Mariah | Mark
| Dylan | Pao | Maggie
| Emily | Tim | Nate
| Cristina | Thomas
| Benjamin | Pakou
#1: Does it make a difference to the Hmong
how we represent their culture?
I think it does because if we show their
culture all really good it is a stereotype, and if we show
it all really bad the Hmong probably won’t like it.
And if we show all Christian Hmong the traditional Hmong will
feel left out of their culture, and if we show all traditional
Hmong, the Christian Hmong won’t be happy. So to represent
the Hmong we have to show good things, bad things, Christian
Hmong, and traditional Hmong.
#2: Do you feel responsible to represent the
Hmong in a particular way? Is it important to you how we represent
I feel it’s important to represent
the Hmong in a kind way. I believe this because I have to
respect the Hmong. I should respect them because everybody’s
culture should be respected.
We also don’t want people to leave
the exhibit thinking that the Hmong are weird and different,
so we must show some of the things about Hmong culture that
are the same.
It is important to know about Hmong celebrations.
One such celebration is the New Year, which is always two
days before Thanksgiving. We go to the expo center to sing,
dance, play instruments, eat food, sell candy and toys. After
the New Year, there is a big party, which lasts from 6 pm
to 12 pm.
Yes, I really do feel responsible in
how we represent Hmong culture. I feel that if we do a bad
job, perhaps by leaving important things out and adding untrue
stuff in, or making stereotypes, I’d feel bad and feel
like I was one of those responsible for the big mistakes we
made because I took part in helping to build the exhibit.
. . . However, if it’s an excellent exhibit, I would
feel absolutely lovely, because I helped to make an absolutely
wonderful exhibit in the MCM that everybody loved and I must
have done a bunch of good things for it, and I’d feel
a rainbow in my soul.
I feel responsible to represent the Hmong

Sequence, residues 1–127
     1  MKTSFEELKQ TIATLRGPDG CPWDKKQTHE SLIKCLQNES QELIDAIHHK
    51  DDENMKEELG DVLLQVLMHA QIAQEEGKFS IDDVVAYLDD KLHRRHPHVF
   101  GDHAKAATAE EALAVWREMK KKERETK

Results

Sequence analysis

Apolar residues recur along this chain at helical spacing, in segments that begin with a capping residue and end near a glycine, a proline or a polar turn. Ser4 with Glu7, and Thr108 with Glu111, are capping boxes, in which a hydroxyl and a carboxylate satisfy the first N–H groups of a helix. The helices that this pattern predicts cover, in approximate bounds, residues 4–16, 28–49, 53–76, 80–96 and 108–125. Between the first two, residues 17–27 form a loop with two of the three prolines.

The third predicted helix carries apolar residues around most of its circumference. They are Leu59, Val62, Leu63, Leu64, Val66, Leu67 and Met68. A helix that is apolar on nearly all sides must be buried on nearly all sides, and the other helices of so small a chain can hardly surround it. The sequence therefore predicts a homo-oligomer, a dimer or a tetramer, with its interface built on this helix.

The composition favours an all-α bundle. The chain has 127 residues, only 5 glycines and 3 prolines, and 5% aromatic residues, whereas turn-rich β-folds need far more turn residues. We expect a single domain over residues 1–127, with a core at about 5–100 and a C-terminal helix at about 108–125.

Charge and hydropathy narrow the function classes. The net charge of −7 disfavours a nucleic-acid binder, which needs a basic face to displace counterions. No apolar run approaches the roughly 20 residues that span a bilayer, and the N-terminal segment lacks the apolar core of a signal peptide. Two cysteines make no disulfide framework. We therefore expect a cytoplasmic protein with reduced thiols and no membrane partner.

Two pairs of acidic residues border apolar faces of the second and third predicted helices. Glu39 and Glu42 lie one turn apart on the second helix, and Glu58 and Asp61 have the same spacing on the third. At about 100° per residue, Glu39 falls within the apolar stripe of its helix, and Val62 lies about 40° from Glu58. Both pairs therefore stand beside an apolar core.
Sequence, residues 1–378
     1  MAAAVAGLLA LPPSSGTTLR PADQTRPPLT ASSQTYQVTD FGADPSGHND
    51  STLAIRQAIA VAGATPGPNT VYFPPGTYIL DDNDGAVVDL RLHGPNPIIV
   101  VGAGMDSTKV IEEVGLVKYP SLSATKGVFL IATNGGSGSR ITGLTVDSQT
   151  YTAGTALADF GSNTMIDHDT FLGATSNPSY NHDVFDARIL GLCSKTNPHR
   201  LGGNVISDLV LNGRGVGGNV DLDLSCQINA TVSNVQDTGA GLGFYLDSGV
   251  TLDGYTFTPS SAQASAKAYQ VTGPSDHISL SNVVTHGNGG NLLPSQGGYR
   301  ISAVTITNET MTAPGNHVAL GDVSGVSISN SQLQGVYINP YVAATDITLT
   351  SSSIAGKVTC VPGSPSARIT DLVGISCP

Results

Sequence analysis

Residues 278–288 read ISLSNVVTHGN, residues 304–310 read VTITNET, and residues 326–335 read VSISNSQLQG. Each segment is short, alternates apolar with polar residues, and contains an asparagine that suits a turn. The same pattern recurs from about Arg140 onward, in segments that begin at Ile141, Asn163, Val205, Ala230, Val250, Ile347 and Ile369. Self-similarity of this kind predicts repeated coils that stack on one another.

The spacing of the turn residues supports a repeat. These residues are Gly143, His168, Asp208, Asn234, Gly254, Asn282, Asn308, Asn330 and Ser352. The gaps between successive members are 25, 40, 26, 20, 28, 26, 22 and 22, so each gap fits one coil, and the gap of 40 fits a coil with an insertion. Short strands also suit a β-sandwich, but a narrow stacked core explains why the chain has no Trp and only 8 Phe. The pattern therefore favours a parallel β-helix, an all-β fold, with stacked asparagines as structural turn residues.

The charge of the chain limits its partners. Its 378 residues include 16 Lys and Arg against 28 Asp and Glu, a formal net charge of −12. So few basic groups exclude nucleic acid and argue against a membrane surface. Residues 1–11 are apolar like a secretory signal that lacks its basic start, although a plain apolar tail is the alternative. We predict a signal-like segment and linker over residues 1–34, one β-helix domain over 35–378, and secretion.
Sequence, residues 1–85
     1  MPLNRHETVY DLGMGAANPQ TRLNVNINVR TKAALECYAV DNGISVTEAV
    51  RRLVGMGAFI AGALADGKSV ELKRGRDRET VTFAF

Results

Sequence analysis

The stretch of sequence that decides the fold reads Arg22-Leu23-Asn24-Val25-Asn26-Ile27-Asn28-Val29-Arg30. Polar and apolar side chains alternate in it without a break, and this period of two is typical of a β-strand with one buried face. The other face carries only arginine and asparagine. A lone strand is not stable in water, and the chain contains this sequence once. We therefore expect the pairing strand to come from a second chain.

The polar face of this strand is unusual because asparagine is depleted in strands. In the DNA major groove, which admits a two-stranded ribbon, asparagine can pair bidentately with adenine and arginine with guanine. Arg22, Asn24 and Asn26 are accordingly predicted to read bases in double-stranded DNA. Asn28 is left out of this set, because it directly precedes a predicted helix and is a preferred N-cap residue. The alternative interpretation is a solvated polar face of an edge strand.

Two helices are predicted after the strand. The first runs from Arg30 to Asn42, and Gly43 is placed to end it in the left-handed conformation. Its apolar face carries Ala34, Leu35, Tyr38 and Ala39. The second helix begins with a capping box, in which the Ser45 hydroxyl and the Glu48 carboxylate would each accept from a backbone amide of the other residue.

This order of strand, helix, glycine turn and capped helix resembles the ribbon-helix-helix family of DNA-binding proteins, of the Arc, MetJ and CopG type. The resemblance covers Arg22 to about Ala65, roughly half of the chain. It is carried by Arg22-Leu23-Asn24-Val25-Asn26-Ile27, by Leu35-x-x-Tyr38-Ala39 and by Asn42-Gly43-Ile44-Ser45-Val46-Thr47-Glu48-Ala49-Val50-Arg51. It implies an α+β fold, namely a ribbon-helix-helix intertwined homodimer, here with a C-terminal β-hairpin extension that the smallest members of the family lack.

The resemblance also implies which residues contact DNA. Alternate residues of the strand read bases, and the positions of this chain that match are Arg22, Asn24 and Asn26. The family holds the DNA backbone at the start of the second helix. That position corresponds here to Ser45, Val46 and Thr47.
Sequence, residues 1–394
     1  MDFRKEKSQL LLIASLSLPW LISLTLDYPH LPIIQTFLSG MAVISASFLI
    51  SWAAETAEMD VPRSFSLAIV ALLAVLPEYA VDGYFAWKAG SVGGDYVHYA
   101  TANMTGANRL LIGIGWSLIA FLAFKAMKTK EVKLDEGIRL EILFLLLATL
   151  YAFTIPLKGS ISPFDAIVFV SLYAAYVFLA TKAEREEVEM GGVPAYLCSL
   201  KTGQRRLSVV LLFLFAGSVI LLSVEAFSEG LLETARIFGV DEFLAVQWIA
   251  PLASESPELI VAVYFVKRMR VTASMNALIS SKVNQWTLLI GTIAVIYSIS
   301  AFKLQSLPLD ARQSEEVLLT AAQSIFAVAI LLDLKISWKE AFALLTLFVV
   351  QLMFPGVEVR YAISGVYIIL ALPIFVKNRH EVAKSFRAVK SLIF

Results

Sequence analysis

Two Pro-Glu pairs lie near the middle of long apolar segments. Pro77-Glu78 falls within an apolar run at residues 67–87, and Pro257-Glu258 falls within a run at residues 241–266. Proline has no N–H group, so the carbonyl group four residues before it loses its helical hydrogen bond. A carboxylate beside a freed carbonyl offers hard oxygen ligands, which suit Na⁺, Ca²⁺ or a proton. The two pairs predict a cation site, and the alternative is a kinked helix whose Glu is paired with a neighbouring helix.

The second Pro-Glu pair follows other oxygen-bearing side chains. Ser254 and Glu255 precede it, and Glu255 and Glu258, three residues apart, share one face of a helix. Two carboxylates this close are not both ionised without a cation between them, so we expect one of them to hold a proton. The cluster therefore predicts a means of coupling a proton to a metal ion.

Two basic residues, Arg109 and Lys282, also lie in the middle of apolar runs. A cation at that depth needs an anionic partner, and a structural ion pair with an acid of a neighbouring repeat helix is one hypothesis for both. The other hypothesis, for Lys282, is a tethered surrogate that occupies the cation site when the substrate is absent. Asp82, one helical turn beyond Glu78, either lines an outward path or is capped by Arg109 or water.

culture in the way that is most truthful, with no stereotypes,
nothing that is not true, don’t say anybody’s
better than us, and don’t say anybody’s not as
good as us. We’re all equal.
#3: What have we done to build trust in the
There were several things we did to establish
trust. One, whenever possible, we went to places where we
had some connection. For example, at the Amish farm near Tomah
a student’s grandparents were neighbors. Two, Mr. Wagler
and Anne Pryor or Ruth Olson visited every place by themselves
before the class came. And three, the release form gave them
a chance to say no.
#4: Do the Hmong trust us to be responsible
in the ways we represent their culture? Does trust change
what people tell each other about culture?
I think that the Hmong that
we have met and interviewed will trust us in making an exhibit
about their culture because, first of all, they let us in
their homes, which takes a great deal of trust, and they spoke
openly to us about things that were very hard to talk about.
The only problem I see with being trusted by the Hmong is
that there are thousands of Hmong who might come see this
exhibit, maybe 30 that we interviewed, so everybody except
those thirty people will have no idea who we are, having no
way to trust us.
The most they trusted us on is the
secrets. They have been telling us some of the secrets that
have happened to them. Like escaping refugee camp.
Well maybe the Hmong trust us and I
know nothing of the sort, but just being myself I wouldn’t
really trust a bunch of 4th and 5th graders to go on a couple
of trips and see my culture and have people come and give
#5: Do we have power to affect what people think
about the Hmong? Do we have power to affect Hmong culture?
We probably do have
power over the views of other people. We can’t be sure
their views will change after the exhibit and the website.
But hopefully, if they came in with stereotypes, the exhibit
and website will help get rid of them.
We can’t really change Hmong culture. I mean, Hmong
culture is Hmong culture. We might be able to change one Hmong
person’s culture by getting them to interact more with
European-Americans, but only Hmong people really have the
power to change Hmong culture.
Yes we do have powerful power to [get]
other people to trust us and build a bigger community with
Hmong people by telling them and the Children’s Museum
can help too. The pictures and videos can also help with understanding.